Local hyperthermia, radiation therapy, and chemotherapy in patients with local-regional recurrence of breastcarcinoma.

Int J Radiat Oncol Biol Phys. 1993 Jan;25(1):79-85.

Bornstein BAZouranjian PSHansen JLFraser SMGelwan LATeicher BASvensson GK.

Source

Joint Center for Radiation Therapy, Harvard Medical School, Boston, MA 02115.

Abstract

We retrospectively reviewed the response rate and the acute and long-term toxicity of combined treatment using radiation therapy, hyperthermia, and chemotherapy in 29 patients with locally or regionally recurrent or advanced adenocarcinoma of the breast who completed at least 4 of the 6 prescribedhyperthermia treatments as part of a Phase I-II trial. Thirty-nine separate hyperthermia treatment fields were evaluated. Cisplatin alone or cisplatin with etanidazole or bleomycin was delivered just prior to hyperthermia once weekly. Hyperthermia was delivered to a target minimum tumor temperature of 43 degrees C +/- 0.5 for 60 min. Following hyperthermia, a 400 cGy fraction of radiation was given. The radiation fraction size on other days was 200 cGy. Twenty-two fields had previously been irradiated and 17 fields had not. Prior chemotherapy had been given in 24 of 29 patients (83%) and hormonal therapygiven in 21 (72%). The median follow-up time is 10 months; 16/29 patients (55%) have died of disease. The overall complete response rate for all fields was 53%. Response rate was not related to any clinical factor, radiation dose, microwave or ultrasound technique, type of chemotherapy, or tumor temperatures, but the number of patients in the study population was small. A statistically significant association between the likelihood of complications and the total radiation therapy dose (previous radiation and present radiation) was found. Persistent ulceration lasting greater than 1 month after completing treatment was seen in 67% of previously irradiated fields compared to 21% of fields that had not been previously treated (p = 0.015). Surgical wound repair was needed for 38% of fields with a history of prior irradiation versus 6% of those without prior treatment (p = 0.050). A statistically significant radiation therapy dose response was found for the likelihood of these complications. None of the hyperthermia temperature parameters studied correlated with an increased risk of complication. We conclude that the combination of radiation therapy, hyperthermia, and chemotherapy results in a high rate of complete response. However, in patients who have been treated with prior radiation therapy, this combination may be more locally toxic than treatment with hyperthermia and radiationtherapy alone. The precise impact of chemotherapy on the therapeutic index of hyperthermia and radiation therapy remains to be determined in randomized clinical trials.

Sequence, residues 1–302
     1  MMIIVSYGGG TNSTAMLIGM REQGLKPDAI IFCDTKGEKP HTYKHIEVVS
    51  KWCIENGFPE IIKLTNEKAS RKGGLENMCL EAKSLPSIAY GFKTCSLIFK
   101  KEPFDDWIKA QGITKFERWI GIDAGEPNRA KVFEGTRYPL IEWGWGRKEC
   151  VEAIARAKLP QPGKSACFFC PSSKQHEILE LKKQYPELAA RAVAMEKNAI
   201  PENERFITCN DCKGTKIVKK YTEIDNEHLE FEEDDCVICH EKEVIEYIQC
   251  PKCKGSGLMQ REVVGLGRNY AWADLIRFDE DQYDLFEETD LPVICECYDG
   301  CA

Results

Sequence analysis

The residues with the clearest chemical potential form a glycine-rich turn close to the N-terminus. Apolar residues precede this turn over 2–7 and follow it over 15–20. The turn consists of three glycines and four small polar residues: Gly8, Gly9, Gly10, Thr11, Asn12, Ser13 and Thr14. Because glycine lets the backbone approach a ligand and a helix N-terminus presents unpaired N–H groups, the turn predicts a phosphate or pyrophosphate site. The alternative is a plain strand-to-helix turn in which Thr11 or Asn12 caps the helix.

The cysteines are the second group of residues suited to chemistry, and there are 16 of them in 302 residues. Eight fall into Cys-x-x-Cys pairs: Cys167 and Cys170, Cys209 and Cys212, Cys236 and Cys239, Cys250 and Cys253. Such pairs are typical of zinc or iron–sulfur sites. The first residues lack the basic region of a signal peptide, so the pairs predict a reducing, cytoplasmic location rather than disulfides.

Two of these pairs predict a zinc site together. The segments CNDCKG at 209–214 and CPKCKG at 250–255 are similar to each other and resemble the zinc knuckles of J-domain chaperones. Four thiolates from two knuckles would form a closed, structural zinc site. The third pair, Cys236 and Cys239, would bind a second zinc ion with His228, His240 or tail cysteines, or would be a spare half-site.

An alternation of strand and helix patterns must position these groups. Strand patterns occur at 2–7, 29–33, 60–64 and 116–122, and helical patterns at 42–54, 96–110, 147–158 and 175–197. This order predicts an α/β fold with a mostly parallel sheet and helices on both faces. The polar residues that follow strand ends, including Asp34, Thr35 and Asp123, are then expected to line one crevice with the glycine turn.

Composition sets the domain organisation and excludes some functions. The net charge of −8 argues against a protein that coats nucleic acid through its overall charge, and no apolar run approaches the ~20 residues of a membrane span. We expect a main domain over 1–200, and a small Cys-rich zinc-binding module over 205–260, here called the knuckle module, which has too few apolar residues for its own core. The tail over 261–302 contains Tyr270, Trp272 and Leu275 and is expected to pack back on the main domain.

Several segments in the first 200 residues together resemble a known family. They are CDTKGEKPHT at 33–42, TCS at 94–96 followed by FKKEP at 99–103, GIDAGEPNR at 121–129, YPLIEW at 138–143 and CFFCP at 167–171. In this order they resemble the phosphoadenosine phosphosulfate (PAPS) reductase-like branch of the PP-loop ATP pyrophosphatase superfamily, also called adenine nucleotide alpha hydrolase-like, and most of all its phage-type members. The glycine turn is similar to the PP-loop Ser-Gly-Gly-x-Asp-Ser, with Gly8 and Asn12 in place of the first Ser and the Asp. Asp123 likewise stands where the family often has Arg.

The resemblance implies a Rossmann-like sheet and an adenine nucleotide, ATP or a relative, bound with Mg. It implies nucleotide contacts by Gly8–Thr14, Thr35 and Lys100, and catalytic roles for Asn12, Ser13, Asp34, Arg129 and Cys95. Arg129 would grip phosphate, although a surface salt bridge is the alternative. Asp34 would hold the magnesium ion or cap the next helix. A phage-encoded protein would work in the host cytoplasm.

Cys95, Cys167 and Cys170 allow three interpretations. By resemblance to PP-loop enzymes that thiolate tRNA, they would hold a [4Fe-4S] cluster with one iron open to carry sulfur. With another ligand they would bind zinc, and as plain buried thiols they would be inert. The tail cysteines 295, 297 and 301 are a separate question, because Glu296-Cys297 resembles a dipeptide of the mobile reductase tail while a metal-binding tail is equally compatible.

Bornstein-1993-Local Hyperthermia, Radiation T
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